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I wish I knew about prenatal depression.

August 11, 2018

I used to be an elementary school teacher and ed-tech consultant; now I'm a mom of twins and aspiring children's book author.

This blog is a place for me to write about personal life experiences, gleanings from books I've recently read, past and current DIY projects, and reflective thoughts that need a home outside my heart. Here at HeartEyes, I am opening my heart and eyes to yet another new chapter of my life, and my hope is that by joining me here, your heart and eyes would be opened to a more thoughtful and intentional life.

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I recall those were the words that kept coming out of my mouth when my ultrasound tech lady turned to me and said I was having twins, while pointing to 2 black blobs on the monitor. It had only been SIX DAYS after I had found out I was pregnant.

Then came the following emotions in no particular order but probably in the span of 10 seconds:

–  Disbelief: Oh. My. God. What? How? Why? Huh? Are you sure? Please check again!

Anxiety: I am so screwed. How in the world am I going to do this?!

Dread: I do NOT want to have 2 children AT THE SAME TIME. I barely even want ONE!

Anger: What did I do to deserve this torture? My life is so over.

Guilt: I’m going to be the worst mom ever because I don’t even want my own children.

Dread: I’m so dead.

Disbelief: But how? Twins don’t run in either side of the family!

– Dread: No. Just. No.

– Guilt: I should feel happy, thankful, and blessed! Nope. Definitely don’t feel ANY of that.

– Anxiety: There’s no way. I can’t do this.

And that pretty much sums up my entire pregnancy. Along with all-day sickness, fainting spells, and pulling my groin FROM ROLLING OVER IN BED a week before the twins were born, these underlying emotions were always looming over me.

During my first therapy session, my therapist asked about how I felt throughout my pregnancy, and I told her the overriding feeling that I remember was dread. She then asked how I felt when I found out I was pregnant, and it took me a really long time to answer because I could not remember. After a good long pause, I told her I think I remember being generally happy and excited, but I honestly could not remember those positive feelings very well.

What my therapist said next was so incredibly eye-opening because I didn’t even know it was possible, but it totally made sense.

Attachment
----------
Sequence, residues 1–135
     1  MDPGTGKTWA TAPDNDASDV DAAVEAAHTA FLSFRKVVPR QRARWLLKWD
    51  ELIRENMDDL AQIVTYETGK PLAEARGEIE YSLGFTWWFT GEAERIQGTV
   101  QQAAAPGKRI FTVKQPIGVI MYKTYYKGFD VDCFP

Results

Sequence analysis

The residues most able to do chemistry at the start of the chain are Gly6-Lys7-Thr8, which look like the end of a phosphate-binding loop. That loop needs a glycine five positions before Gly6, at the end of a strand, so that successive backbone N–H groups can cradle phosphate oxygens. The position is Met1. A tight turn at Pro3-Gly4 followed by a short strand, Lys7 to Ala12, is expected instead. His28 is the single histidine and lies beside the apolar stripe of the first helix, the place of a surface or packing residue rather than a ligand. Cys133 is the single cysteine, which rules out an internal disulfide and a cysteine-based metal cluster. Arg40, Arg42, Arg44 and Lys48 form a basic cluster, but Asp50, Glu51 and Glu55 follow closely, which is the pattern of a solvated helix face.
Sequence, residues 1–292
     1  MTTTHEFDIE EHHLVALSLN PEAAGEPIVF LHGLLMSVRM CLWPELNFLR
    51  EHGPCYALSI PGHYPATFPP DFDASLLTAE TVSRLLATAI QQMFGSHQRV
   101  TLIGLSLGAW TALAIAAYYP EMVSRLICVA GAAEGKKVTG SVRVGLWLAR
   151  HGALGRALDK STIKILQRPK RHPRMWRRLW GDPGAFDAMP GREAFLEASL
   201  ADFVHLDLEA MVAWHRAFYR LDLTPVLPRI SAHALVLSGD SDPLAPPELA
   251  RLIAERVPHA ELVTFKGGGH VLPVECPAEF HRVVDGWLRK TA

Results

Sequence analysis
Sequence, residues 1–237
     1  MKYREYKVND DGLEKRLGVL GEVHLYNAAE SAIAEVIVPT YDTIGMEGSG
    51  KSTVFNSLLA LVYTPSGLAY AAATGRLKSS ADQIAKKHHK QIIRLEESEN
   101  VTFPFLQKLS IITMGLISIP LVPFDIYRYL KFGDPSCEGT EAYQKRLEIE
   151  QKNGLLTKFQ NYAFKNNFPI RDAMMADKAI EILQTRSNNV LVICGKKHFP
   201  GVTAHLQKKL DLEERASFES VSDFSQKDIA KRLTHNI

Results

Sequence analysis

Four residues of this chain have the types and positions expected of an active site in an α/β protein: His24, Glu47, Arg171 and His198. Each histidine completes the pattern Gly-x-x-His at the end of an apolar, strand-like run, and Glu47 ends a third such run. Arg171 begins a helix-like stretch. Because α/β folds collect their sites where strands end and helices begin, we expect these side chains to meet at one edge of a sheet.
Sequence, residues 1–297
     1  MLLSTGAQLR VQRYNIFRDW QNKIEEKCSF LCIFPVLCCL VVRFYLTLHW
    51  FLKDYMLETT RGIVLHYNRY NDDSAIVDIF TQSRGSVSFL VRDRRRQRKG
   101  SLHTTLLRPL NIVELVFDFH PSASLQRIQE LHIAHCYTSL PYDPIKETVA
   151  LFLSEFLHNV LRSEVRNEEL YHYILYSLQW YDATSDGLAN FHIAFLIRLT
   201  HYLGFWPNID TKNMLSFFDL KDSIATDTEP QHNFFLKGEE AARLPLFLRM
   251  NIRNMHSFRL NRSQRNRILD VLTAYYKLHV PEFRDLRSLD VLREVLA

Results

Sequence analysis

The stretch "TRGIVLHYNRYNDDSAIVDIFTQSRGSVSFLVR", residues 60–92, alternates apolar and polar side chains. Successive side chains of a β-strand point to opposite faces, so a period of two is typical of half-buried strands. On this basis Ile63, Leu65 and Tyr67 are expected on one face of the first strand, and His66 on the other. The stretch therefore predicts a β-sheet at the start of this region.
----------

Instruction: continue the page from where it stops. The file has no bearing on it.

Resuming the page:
“It’s very likely that you have had some form of depression from the moment you found out you were having twins.”

BOOM. My mind was blown. She hit the nail on the head and that statement made everything I had been feeling in the past 2 years make sense. She explained that because only 6 days had passed since I found out I was pregnant, I didn’t even have time to process the pregnancy before I became utterly overwhelmed with the thought of having twins.

This overwhelming feeling was also riding on top of some major life-changes that had happened just several weeks prior:

  1. Quitting my full-time job of 5 years which I had LOVED
  2. Moving out of state for the first time
  3. Being far apart from family and childhood friends for the first time
  4. Transitioning from our beloved small-group and church to a new one with people we hardly knew
  5. Husband transitioning from work/serving-life to grad school-life
  6. Staying at home full-time, figuring out what to do with my life
  7. Getting pregnant

So I did a bit of research and turns out PRENATAL DEPRESSION IS A THING. Why am I just learning about this 2 years later?! Why is this not more well-known? Did you know that the likelihood of having postpartum depression increases significantly if you have prenatal depression? Well DUH that makes sense but that would have been nice to know 2 years ago!

So here I am, 2 years later, with 1yr4m-old twins, still feeling pretty much the same as 2 years ago; the only difference now is I finally know what’s been going on and can finally do something about it.

Note: If you or someone you know is having negative feelings during pregnancy, talk about it! Don’t write it off as “pregnancy hormones.” It won’t hurt to talk to a professional who can help you understand why you might be feeling the way that you do. It could even save you from suffering through postpartum depression months or even years down the line.

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  1. Yifan says:

    I didn’t know pre-natal depression was a thing either! Wow, that brings such insight. I’ve definitely thought before, “Maybe if when the baby comes/when the mom sees the baby, all those feelings would go away.” Perhaps it would be good for OBs to be attuned to that during prenatal appointments or to have screens for those. *taking notes*

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